Umpires under fire December 11, 2003

Gunning for the men in white

Being an umpire is no picnic at the best of times, what with the endless television replays and commentators eager to scrutinise every decision, but the last few days have seen them under attack across the world

Daryl Harper: under pressure
© Getty Images

Being an umpire is no picnic at the best of times, what with the endless television replays and commentators eager to scrutinise every decision, but the last few days have seen them under attack across the world.

It all started in Australia when Steve Bucknor, hitherto regarded as one of the best in the world, made a poor decision in the opening Test between Australia and India at Brisbane. To err is human, but to forgive (as far as the media are concerned) was apparently not an option when the victim of his mistake was Sachin Tendulkar.

The reaction was out of proportion to the crime, with Bucknor savaged by all and sundry. It was one mistake in a match which was drifting towards a draw. It was a poor decision, yes. But his record remains excellent, and while he admitted that "everyone makes mistakes including myself", he added that he had not become a bad umpire overnight.

Barely had the fuss over that decision died down than Daryl Harper was under the spotlight - before the match in which he was officiating (the second Test between Sri Lanka and England at Kandy) had even started. The local Island newspaper slammed Harper for his errors in recent months - especially his refusal to uphold two confident shouts against Brian Lara when the Sri Lankans were in the Caribbean in June.

The pre-game sniping made it almost inevitable that he would be singled out for attention, and by the close of the first day the journalists were in overdrive. "Does the ICC think that Harper is indispensable," spluttered The Island, "or do they have double standards on the reports of the captains? Or is it that the ICC has double standards for Asian and non-Asian umpires?"

The articles conveniently overlooked the fact that Harper had turned down two seemingly plumb leg-before shouts against Sanath Jayasuriya shortly before lunch - perhaps it would have weakened the assault on his alleged anti-Sri Lankan bias. At least the local crowds haven't taken to burning effigies and staging protests outside the ground as they did last time England were here ... not yet, anyway.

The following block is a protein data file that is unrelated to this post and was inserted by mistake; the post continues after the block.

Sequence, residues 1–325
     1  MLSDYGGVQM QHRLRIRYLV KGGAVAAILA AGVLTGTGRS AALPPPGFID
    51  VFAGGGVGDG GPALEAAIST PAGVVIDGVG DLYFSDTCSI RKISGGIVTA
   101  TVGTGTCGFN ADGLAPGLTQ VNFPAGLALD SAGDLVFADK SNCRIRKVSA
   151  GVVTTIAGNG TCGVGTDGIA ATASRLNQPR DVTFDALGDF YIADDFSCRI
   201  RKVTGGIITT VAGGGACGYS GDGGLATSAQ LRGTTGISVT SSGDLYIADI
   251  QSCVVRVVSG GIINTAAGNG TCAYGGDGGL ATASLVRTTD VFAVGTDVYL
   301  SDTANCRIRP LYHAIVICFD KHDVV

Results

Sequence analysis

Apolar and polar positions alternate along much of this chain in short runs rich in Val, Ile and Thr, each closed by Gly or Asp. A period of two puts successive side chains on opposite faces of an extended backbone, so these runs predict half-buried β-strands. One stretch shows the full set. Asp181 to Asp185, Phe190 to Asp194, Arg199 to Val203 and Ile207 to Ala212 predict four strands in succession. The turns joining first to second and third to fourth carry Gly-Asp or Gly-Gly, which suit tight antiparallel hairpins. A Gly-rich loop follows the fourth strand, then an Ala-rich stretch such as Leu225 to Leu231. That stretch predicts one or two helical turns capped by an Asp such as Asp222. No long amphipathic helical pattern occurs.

Sachin Tendulkar pads up, Steve Bucknor gives him out, and the furore starts
© Getty Images

At the same time another official - this time Darrell Hair, no stranger to controversy - was under the spotlight two days before he was due to stand in the opening Test between South Africa and West Indies at Johannesburg.

Hair rubbed the South Africans up the wrong way during their recent tour of Pakistan when some supposedly questionable decisions ended up with Andrew Hall being suspended and Shaun Pollock fined. Local papers increased the pressure with comments that Hair appeared to be "out to get the South Africans".

Eric Simons, South Africa's coach, said that his side had no issues with Hair, but added that he had asked for a pre-match meeting to "to get clarity on exactly what will be permissible and what not. We want to know where the line will be drawn from a disciplinary point of view. There should be no grey areas to cause uncertainty." One can't help feeling that the media will be waiting, pens poised, for the first sign that Hair has got something wrong before unleashing more vitriol.

The no-win position of the umpires was highlighted when Muttiah Muralitharan was bowled on the second morning at Kandy. The ball clipped the top of the off bail and neither official was sure if it had hit the stumps or whether Chris Read's wicketkeeping gloves had dislodged the bail. After a delay, the matter was referred to the third umpire, who quickly sorted the situation out. Given that a favourite whinge is that more decisions aren't adjudged by TV replay, surely this was a case of common sense prevailing to get the right outcome? Not a bit of it. Cue the commentators lambasting the umpires for referring something they shouldn't have. Damned if you do ...

Without doubt, umpiring international cricket is one of the most stressful - and lonely - occupations. But to be at their best, officials need to be relaxed and at ease with themselves. The constant sniping makes for good copy and helps to fill the drinks breaks and moments between overs, but it is going to make any umpire start questioning their own ability - and that's when the mistakes will come.